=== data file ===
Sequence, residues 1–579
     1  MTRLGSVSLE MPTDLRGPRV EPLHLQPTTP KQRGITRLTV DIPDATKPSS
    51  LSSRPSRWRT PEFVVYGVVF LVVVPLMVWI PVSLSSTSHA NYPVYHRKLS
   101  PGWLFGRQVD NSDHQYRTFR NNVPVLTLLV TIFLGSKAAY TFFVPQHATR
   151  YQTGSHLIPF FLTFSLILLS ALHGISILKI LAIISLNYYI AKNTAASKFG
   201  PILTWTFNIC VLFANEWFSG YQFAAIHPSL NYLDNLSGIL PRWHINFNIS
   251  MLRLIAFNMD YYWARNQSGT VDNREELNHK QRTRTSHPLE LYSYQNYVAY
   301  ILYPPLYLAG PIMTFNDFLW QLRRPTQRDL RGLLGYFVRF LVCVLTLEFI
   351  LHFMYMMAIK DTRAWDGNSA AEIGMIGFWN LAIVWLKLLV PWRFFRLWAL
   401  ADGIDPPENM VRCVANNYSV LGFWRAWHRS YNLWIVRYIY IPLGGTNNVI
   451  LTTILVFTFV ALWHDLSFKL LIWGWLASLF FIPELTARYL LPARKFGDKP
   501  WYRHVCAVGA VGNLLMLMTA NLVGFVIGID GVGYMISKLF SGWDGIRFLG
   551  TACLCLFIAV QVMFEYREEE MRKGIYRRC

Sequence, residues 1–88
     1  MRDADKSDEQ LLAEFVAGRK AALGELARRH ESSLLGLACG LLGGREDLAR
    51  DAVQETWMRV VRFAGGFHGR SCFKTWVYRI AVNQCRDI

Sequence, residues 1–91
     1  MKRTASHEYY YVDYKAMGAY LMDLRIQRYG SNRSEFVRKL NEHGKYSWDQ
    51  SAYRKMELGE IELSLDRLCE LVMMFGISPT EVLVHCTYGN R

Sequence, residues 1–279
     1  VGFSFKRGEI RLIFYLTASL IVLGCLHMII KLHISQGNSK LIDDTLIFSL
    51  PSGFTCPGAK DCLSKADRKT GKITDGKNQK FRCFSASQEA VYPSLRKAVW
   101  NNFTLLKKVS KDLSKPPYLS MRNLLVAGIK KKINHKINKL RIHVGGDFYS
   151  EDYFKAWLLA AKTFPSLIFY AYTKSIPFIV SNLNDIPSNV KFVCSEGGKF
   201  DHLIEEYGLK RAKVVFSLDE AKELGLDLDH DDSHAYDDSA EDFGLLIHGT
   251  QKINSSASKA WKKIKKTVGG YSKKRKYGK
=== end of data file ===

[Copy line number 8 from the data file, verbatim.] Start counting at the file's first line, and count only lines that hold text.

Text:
   301  ILYPPLYLAG PIMTFNDFLW QLRRPTQRDL RGLLGYFVRF LVCVLTLEFI